Producer: Steve Balderson
Cast: Steve Balderson, Clark Balderson, Eric Sherman
Year of release: 2007
Reviewed from: screener DVD
Wamego Strikes Back starts with the Star Wars theme music (not the original version, obviously) and a text crawl that spoofs the opening of each of the Star Wars films. It’s a little affectation which we can allow Steve Balderson before he plunges headlong into the sequel to his earlier Making Of feature on Firecracker, his second feature film proper.
And just think for a moment how odd this is: a sequel to a documentary. Who has ever heard of a documentary having a sequel? Who has ever heard of a movie having two feature length documentaries made about it, each of which is released on a separate DVD? But then, young Mr Balderson is not someone who does things ‘the normal way’. Tucked away in a corner of Kansas, he is about as independent as independent film-makers get.
Wamego: Making Movies Anywhere told the story of how Firecracker was conceived, cast and produced. Wamego Strikes Back picks up the story with the film’s world premiere at Raindance in London and tells of how it was distributed - or not, as the case may be. Making movies, as anyone who dips a toe into this ridiculous industry rapidly discovers, is only half the battle. Once you’ve made a film, you’ve got to find a way for people to see it. Sure, you can send it to film festivals, but only a very small percentage of the movie-going population ever attend a film festival and to some extent every festival acts primarily as a shop window for (a) distributors and (b) other film festivals.
So for eighty minutes we watch Steve and his producer/father Clark struggle with distributors, seeing the film that they slaved over turned down again and again for increasingly ridiculous reasons which all basically translate as: “Though we like to think we’re edgy and independent, in actual fact we are as conservative as the Townswomen’s Guild’s cake-and-jam stall at a village fete and we dare not touch anything that doesn’t look like everything else that we and our sheeplike competitors are buying at the moment.”
It’s not like Firecracker doesn’t come with a seal of approval. Roger Ebert no less praised it to the skies in one of the best-written film reviews I’ve ever read. It picked up a truckload of nominations and awards at festivals around the world. But no, no-one wanted to distribute it. And you know, you can make your own movie in Kansas but if you want people to see it, you’ve got to work with the Hollywood system. They control the horizontal and the vertical. There is no alternative.
Bollocks to that said Steve (or would have done, had he been making films in Market Drasen instead of Wamego). Inspired by the travelling carnival in the movie, he took a 35mm print of Firecracker out on a roadshow tour of the USA, proving that there is a way to let people see your work. Suddenly, distributors came sniffing but as we see in a series of scenes featuring an increasingly exasperated Clark, Hollywood is just naturally structured to screw the little man. So huge corporations for whom anything under a million dollars is small change are months late in making payments of fifty or sixty thousand dollars.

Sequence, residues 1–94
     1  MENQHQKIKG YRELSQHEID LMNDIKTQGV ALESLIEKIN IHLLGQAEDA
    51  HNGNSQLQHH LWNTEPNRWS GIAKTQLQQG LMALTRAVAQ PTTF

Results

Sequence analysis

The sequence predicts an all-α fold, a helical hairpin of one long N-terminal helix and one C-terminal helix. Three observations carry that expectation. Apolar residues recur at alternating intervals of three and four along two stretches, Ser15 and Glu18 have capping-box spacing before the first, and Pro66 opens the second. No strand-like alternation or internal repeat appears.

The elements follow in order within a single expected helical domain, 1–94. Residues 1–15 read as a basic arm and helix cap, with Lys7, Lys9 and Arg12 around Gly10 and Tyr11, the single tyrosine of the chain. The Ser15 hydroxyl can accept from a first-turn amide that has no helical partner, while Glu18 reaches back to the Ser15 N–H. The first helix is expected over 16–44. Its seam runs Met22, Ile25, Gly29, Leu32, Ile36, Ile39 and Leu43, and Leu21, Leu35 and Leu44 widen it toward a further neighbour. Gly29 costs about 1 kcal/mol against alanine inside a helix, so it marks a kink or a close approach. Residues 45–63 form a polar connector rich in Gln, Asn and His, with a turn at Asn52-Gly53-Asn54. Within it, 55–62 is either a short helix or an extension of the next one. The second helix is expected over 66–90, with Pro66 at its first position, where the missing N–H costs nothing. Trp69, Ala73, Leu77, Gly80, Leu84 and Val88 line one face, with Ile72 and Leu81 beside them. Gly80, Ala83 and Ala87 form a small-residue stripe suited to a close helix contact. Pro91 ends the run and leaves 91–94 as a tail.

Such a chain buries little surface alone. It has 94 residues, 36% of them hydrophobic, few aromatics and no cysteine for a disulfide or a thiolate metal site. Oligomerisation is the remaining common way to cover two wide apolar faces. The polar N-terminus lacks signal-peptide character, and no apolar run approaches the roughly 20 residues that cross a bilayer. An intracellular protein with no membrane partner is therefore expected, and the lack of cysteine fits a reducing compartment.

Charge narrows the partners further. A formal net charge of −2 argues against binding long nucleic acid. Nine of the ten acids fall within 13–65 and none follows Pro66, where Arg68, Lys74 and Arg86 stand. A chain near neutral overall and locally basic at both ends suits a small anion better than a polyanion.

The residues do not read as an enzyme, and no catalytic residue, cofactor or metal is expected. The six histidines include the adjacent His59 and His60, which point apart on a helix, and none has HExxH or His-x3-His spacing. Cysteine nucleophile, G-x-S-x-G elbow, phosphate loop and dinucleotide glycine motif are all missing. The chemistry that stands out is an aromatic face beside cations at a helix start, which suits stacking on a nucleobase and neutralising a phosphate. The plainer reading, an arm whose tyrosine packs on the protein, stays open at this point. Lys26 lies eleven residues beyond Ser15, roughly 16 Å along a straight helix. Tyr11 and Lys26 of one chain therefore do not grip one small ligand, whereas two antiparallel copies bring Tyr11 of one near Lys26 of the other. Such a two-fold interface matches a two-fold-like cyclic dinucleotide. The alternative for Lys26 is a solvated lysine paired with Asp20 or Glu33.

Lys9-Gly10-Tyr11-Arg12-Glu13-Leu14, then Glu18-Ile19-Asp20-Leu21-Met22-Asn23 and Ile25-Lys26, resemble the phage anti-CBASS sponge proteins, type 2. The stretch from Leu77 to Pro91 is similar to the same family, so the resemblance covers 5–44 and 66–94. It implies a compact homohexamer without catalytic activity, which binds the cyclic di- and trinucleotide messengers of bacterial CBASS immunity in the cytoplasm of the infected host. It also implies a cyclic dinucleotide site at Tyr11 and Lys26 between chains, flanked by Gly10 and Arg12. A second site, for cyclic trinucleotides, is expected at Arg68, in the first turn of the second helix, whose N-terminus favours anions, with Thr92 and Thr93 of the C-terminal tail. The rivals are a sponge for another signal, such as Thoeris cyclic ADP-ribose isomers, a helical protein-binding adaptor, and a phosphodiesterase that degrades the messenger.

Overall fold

While Clark struggles with the financial chicanery surrounding Firecracker, Steve tries to drum up investment for his putative third feature, Wilbert Brummett, a character ensemble piece loosely based on his own family. By the end of this movie, Wilbert Brummett is consigned to a shelf as Steve realises he can’t just make one film every six or seven years. Instead, he sits at his desk and makes his offbeat documentary/installation Phone Sex for pretty much nothing at all (as he points out, he didn’t even have to pay for long distance phone calls because people were calling him).
On this basis he decides that he can go completely outside ‘the system’, making the films that he wants, when and where he wants, rather than slaving for years to make one specific film. That doesn’t in any way take away from the extraordinary achievement that is Firecracker (or indeed Pep Squad) but Steve wants to move on and explore new avenues - and well he should.
You might think: how can someone sell a product that they don’t even know what it’s called? But frankly, the title is the last thing that any distributor worries about. We saw that with Pep Squad which was released in the UK as I’ve Been Watching You 2, an ersatz ‘sequel’ to high school vampire thriller I’ve Been Watching You which was itself a retitling of David DeCoteau’s The Brotherhood!
Among the talking heads and other footage, Wamego Strikes Back repeatedly cuts to a fellow named Eric Sherman who, according to his website, is an ‘author and film industry consultant’ (and whose father Vincent directed The Return of Dr Rx!). I can see why Steve gets on with Sherman because he comes across as a no-bullshit guy and there aren’t many of them in Hollywood.
According to Sherman there are 500 people in the American film industry calling themselves sales reps or producer’s reps; in other words, their role is to connect film-makers with distributors. Sherman says he has met and spoken with every single one and that there are only fifteen who won’t charge an upfront fee. Like any reputable agent, those fifteen make their money by taking a percentage of the deals that they broker. The other 485 have to be paid in advance with absolutely no guarantee whatsoever that they will achieve anything - or even try to do anything. That’s like paying a builder a wad of cash just to come to your house and give you a quote on a new kitchen. It’s bizarre.